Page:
grain ration in 1960-61 was 8 jin/month for peasants, 21 jin for
factory workers and 24 jin for party officials whose need was less
because they did not carry out manual labour (1 jin = 500 grams). The
state preached equality but in reality provided privileges to those
with access to networks of influence and power. Scarce goods were
distributed to officials according to rank, through a five-tier supply
The principle of equality was also violated by creation of a caste
of pariahs in the villages, composed of so-called landlords, rich
peasants and rightists. The landlords and rich peasants designation
was based on landholdings long since swept away by the land reform.
Outcast status was passed on to children.
An “anti-rightist” campaign, launched in 1957, targeted above all
those who had complained about bureaucratic corruption or abuses.
Millions were labelled rightists, in part because of government rewards
to localities that placed more than 5% in that category. During the
Great Leap, anyone who complained about government policy faced the
danger of being hurled down into this stigmatised caste. Hundreds of
thousands were sent to labour camps, where they were held for many
Reprisals against suspected dissidents included “public criticism”, in which suspects were subjected to verbal and physical abuse as a
means of extraction admissions of guilt. Other punishments included
withdrawal of food rations, beatings and, in some cases, killings.
Do such reports represent exceptional cases? It is true that Ralph
Thaxton’s study concerns a province, Henan, where the regional
authorities’ extreme application of the Great Leap policies, originally
lauded as a model, was later disavowed by the central government.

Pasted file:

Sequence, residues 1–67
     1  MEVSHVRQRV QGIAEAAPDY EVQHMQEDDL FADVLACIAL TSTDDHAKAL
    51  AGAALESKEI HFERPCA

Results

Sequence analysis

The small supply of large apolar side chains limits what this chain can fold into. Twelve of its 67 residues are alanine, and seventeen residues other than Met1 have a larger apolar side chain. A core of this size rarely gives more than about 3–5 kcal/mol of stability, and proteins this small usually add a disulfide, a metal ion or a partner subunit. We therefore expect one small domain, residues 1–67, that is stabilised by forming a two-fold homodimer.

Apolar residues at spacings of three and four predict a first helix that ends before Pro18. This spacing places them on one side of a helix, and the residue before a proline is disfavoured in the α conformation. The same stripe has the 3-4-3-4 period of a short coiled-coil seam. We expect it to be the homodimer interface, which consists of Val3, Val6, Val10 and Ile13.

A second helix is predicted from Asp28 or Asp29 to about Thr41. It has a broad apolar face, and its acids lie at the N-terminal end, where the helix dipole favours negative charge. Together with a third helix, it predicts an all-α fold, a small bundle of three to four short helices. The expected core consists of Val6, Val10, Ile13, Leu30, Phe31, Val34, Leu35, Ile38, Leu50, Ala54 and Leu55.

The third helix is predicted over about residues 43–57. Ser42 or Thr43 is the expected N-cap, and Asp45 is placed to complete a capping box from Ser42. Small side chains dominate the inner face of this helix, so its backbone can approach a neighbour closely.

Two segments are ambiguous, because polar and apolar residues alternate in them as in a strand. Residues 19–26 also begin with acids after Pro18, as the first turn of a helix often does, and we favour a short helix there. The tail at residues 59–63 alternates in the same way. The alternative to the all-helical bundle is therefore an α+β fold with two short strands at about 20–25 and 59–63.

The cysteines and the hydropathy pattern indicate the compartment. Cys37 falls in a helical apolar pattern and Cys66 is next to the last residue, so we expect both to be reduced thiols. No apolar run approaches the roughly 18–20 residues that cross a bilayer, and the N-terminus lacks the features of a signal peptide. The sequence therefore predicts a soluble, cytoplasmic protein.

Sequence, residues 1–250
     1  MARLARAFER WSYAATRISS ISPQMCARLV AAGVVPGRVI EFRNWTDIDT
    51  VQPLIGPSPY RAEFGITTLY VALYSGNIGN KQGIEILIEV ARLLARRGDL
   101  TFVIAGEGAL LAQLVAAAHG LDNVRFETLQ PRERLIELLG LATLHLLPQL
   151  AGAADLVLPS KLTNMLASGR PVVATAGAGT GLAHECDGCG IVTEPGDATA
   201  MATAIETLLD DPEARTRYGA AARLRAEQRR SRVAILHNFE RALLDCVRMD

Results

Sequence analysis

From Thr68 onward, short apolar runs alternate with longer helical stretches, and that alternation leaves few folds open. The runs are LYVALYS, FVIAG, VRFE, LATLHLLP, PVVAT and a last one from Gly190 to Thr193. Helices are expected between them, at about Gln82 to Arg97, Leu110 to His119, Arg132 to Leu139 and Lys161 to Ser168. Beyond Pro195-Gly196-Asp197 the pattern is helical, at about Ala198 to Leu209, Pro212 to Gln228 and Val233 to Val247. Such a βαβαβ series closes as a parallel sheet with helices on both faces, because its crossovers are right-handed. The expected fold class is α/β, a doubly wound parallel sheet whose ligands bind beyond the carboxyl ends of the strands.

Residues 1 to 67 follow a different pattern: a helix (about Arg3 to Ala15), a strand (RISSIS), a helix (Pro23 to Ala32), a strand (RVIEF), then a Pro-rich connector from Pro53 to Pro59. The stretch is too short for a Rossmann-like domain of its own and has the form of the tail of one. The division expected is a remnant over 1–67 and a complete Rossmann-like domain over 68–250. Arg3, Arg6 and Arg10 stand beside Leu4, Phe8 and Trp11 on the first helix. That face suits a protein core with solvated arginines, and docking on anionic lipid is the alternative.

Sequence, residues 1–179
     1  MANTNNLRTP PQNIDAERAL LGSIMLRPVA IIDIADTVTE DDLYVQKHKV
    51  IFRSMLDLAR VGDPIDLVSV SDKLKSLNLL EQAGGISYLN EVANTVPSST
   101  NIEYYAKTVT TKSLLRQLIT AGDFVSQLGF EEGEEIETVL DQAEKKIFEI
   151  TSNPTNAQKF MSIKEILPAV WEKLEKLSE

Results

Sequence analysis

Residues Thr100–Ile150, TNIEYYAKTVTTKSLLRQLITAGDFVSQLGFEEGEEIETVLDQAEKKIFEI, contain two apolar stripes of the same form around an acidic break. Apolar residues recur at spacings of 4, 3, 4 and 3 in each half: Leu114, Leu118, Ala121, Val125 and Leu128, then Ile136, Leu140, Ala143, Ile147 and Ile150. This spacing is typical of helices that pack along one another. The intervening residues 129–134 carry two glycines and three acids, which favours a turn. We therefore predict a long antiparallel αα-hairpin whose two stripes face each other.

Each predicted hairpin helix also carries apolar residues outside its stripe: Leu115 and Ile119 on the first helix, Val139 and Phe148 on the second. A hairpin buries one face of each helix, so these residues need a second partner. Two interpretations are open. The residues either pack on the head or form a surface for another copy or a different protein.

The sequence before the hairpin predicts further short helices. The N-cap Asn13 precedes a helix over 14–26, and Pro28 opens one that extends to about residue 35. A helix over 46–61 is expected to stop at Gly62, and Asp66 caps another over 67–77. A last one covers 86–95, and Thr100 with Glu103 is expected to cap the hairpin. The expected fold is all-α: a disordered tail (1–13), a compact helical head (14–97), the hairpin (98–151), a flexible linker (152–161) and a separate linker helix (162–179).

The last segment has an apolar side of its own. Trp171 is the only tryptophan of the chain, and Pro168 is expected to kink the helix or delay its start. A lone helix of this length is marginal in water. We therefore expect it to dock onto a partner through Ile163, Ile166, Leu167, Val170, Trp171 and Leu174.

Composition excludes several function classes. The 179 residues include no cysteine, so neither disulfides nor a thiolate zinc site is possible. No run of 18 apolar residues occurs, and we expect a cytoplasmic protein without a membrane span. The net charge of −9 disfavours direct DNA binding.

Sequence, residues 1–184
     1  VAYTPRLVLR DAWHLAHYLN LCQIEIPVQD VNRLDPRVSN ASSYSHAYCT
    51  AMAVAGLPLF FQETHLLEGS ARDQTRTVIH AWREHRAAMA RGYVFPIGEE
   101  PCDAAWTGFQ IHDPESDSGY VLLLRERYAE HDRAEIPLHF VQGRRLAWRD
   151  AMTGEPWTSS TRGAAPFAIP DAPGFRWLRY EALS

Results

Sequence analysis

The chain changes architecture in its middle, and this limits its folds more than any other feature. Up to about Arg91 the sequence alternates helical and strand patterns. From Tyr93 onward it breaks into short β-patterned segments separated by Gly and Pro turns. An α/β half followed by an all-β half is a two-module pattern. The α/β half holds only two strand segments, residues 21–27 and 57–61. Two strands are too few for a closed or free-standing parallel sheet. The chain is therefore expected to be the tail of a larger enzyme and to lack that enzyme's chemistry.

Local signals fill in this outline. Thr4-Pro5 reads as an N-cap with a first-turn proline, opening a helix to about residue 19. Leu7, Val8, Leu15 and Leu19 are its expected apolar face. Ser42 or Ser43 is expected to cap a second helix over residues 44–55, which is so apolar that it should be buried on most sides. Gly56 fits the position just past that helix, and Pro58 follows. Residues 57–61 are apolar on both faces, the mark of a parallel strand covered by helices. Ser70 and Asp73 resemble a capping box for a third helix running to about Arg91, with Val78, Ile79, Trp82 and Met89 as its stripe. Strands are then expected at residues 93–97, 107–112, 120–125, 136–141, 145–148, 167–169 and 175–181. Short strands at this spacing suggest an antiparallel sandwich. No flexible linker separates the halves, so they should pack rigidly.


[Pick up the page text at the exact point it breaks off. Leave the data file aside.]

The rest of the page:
But available sources do not report any trace of open public
discussion of Great Leap policies, either nationally or on the commune
level. These sources do not report any instances during the Great Leap
where peasants successfully overturned an abusive commune or village
leadership, even in communes that held back reserves in their granaries
during the worst of the famine.
Nor is there evidence of attempts by the central leadership to
establish guidelines to protect working people against abuse of power,
safeguard dissident voices, or guarantee of the right of working people
to join together in advocating alternative policies.
The way the Great Leap ended gives us something of its extremist
flavour. In 1961, peasants were granted “three freedoms” -- to cultivate
a small private plot of land, to cook in private homes and to engage
in petty trade. Other restrictions on peasant activity also eased.
Meanwhile, China stopped its multimillion-ton grain exports and began
importing grain in similar quantities.
Recovery was rapid. Robert Weil reports that life expectancy in 1962
was double the Great Leap level and higher than before the emergency.
Food production picked up as well, although full recovery took many
At the height of the Great Leap, in August 1959, Peng Shuzi, a
Chinese communist forced into exile a decade earlier for his dissident
views, termed the newly formed people’s communes “an effective
instrument in the hands of the CCP for exploiting and controlling the
Peng believed that this “exploitation” was different from what we
experience under capitalism: the intended beneficiary was not a private
capitalist but the national economy from which those in power drew
But for the peasantry the coercive transfer of wealth out of the
hands of local producers had similarities to landlordism. And despite
the egalitarian idealism that was so prominent at the Great Leap’s
outset, the communes functioned in a manner similar to a capitalist